Jessi: Hmm. How about "Bears sleep in the winter."
Daniel: How nice! That's a good example because it's a general truth that doesn't change. Now, let’s combine the progressive aspect with the verb tenses and see how they work together. Jessi, let's quickly review. What is the present tense used for?
Jessi: The present tense is used to talk about events that are happening now.
Daniel: And what is the main idea of the progressive aspect?
Jessi: The progressive aspect is to talk about events that are incomplete.
Daniel: Exactly, so, we can combine the present tense with the progressive aspect to talk about events that are in progress now. How about an example?
Jessi: For example, "We are recording this lesson now."
Daniel: Right, that means that we are in the process of recording at this moment. In other words, the recording has not finished yet. OK, we can also form the present progressive to talk about events that will come to an end, maybe in the near future. How about an example from the dialogue?
Jessi: Sure. Yuki says in the dialog, "I'm just waiting for a friend."
Daniel: Good example. With this sentence, it is clear that the waiting will end soon, because she expects her friend to come soon. There are more uses for the present progressive, and we’ll look at some of those when we study the present tense in more detail.
Jessi: Sounds good. So, shall we look at how the progressive is used with the past tense?
Daniel: Yes, let's. What did we say the past tense is used for?
Jessi: We said that for now we will say that we use the past tense to talk about events that happened before now. For example, when we talk about yesterday, we usually use the past tense.
Daniel: Right. And when we combine the past tense with the progressive, we can talk about actions in progress at a specific point in time in the past or when a simple past event happened. How about an example from the dialog?
Jessi: Sure. Oksana says, "While I was coming here, Vicky called me."
Daniel: OK, so the simple past event here is "Vicky called me." That happened at a specific time.
Jessi: Right. And when that happened, Oksana was in the process of coming to the school campus.
Daniel: Right. OK, we’ll look at some more uses of the past progressive when we study the past tense in more detail. And finally, let’s take a look at how the progressive aspect works with the future tense. What did we say the future tense is used for?
Jessi: We said that we use the future tense to talk about events that have not happened yet. For example, when we talk about tomorrow, we usually use the future tense.
Daniel: So, if you use it with the progressive aspect, we are talking about an event in an incomplete sense that may happen after now. The future progressive can be used to talk about action that will be in progress at a specific time in the future. Let’s have an example.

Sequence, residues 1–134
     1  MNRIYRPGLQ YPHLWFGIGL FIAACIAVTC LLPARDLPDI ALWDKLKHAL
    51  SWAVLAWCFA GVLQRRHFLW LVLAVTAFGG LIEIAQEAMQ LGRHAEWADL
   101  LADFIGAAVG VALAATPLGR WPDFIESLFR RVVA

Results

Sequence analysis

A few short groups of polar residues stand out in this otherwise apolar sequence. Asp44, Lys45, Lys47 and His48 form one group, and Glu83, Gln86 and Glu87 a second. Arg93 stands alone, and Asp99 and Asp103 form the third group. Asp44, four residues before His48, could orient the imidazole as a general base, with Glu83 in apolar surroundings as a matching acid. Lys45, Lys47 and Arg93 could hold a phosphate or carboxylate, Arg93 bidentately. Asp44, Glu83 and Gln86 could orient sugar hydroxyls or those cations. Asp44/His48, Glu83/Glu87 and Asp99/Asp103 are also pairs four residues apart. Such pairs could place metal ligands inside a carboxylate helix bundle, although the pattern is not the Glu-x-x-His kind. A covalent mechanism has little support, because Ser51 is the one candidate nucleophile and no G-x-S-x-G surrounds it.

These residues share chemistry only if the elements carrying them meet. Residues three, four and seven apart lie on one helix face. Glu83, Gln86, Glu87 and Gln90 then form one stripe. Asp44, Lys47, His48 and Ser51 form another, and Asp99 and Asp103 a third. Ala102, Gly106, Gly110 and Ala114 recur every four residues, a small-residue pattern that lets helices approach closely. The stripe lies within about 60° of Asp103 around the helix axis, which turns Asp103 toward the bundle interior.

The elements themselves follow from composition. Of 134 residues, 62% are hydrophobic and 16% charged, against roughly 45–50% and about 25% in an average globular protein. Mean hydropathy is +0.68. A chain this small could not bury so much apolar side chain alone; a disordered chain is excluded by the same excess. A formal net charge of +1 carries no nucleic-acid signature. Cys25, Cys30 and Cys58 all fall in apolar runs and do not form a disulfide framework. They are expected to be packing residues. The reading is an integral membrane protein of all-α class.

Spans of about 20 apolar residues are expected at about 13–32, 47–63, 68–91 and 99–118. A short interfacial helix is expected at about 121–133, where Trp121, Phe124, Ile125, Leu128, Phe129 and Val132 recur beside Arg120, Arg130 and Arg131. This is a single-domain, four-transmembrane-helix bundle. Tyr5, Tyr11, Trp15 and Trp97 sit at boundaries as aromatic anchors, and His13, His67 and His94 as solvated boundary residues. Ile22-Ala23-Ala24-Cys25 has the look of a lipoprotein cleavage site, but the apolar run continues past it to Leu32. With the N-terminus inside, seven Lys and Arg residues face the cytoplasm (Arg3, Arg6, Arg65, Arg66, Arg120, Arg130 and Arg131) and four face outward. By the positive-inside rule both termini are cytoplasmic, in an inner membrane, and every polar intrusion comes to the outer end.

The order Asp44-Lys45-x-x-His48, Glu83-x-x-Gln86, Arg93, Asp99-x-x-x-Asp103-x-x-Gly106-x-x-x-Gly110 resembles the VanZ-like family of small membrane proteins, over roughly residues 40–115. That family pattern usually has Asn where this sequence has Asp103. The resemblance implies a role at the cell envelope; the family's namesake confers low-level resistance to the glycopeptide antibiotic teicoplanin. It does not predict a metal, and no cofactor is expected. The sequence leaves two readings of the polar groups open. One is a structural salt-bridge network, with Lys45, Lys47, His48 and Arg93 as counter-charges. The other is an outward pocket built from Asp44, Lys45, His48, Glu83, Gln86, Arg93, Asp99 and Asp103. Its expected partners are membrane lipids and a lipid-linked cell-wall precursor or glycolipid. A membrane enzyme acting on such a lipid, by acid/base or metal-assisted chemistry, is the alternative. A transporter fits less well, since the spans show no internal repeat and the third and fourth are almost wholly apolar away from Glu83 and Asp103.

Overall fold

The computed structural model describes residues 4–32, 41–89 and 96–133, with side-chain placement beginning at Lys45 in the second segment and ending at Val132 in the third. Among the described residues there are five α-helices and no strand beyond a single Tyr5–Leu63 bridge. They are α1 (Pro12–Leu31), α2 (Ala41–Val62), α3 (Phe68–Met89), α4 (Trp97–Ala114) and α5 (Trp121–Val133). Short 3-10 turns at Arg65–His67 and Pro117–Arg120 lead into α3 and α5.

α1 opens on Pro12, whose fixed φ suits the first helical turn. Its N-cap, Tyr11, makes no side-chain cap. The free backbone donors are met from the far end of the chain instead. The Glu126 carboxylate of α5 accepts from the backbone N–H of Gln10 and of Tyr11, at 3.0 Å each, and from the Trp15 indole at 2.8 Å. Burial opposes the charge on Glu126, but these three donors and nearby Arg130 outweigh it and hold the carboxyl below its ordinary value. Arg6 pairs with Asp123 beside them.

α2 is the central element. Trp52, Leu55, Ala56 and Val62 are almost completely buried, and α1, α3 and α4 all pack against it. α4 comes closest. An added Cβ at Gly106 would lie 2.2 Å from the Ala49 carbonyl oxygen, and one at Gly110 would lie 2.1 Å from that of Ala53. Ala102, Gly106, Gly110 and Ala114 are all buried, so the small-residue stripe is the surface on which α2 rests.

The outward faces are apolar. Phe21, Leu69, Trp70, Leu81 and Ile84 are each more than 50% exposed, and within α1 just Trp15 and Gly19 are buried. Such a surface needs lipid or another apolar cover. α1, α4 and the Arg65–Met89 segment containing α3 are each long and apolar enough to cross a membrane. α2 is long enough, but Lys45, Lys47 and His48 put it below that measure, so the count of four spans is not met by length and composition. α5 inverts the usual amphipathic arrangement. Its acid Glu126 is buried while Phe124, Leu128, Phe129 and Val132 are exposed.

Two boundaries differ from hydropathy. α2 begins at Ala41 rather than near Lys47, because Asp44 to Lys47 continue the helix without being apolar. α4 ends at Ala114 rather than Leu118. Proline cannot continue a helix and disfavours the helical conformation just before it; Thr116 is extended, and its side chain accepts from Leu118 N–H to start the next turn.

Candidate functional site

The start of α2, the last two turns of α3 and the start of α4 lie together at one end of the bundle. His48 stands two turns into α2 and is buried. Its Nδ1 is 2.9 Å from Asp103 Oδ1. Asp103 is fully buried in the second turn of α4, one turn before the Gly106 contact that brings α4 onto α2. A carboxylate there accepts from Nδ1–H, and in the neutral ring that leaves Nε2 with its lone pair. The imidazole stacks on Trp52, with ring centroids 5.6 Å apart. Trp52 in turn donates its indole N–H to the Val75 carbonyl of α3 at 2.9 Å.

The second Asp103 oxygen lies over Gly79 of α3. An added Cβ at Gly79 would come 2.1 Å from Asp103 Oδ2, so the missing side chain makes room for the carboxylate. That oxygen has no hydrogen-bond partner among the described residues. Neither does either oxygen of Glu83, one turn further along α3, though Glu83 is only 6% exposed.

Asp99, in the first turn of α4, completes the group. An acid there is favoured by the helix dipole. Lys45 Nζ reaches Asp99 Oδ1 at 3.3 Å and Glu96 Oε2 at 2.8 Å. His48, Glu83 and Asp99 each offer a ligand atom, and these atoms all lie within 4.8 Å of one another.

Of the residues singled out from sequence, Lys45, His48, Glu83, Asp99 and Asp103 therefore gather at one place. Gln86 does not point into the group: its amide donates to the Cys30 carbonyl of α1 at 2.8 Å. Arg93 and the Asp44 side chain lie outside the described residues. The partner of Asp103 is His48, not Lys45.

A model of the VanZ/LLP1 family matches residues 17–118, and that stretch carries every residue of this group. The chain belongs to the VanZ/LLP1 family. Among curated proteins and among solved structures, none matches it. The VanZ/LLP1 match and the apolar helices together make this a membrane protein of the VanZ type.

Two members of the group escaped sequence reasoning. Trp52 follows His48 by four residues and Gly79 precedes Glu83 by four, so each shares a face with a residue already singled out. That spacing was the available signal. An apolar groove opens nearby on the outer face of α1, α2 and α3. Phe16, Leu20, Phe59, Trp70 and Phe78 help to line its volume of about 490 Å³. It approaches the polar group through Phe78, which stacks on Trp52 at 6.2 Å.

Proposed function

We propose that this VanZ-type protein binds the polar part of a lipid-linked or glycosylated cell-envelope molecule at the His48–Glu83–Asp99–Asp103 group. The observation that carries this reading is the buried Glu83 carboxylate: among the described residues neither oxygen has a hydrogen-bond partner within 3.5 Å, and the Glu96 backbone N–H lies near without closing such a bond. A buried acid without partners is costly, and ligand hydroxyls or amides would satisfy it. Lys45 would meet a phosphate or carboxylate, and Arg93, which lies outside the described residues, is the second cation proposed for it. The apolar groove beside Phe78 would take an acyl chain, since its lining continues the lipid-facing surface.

Jessi: For example, “I will be watching T.V. at 8 p.m. tomorrow.”
Daniel: Right. 8 p.m. tomorrow is in the future and at that time, you will not be finished watching T.V.. In future lessons, we will look at the present tense, past tense, and future tense more carefully. We will learn the main idea for each tense because we now understand that tense is not just about time.
Jessi: And when we do look at each tense, we will also review the meaning of the progressive aspect again.


Daniel: Sounds like a plan. But before we finish up, we want to remind you of an important language tip.
Jessi: Yes, it’s so important that we want to repeat it.
Daniel: Yes. We just want to remind you that practice is not the only important part of learning a language. Noticing the form of language is important also. So if you notice forms and language, you will be able to start using new grammar forms, and catch your own mistakes quicker, and use the correct forms.
Jessi: Right, and that’s really important, so that’s why we wanted to mention it again.
Daniel: That’s right.
Jessi: Also be sure to review the grammar point for Beginner Series, Season 1, Lesson 6.
Daniel: Excellent point. Review, review, review.
Jessi: Well, that just about does it for today.
Daniel: But before we go, we want to tell you about a way to drastically improve your pronunciation.
Jessi: And that is, the voice recording tool.
Daniel: Yes, the voice recording tool in the premium learning center.
Jessi: Record your voice with the click of a button.
Daniel: And then play it back just as easily.
Jessi: So you record your voice and then listen to it.
Daniel: And then compare it to the native speakers
Jessi: And adjust your pronunciation
Daniel: This will help you improve your pronunciation quickly.
Daniel: OK, we’ll see you soon
Jessi: Bye, everyone.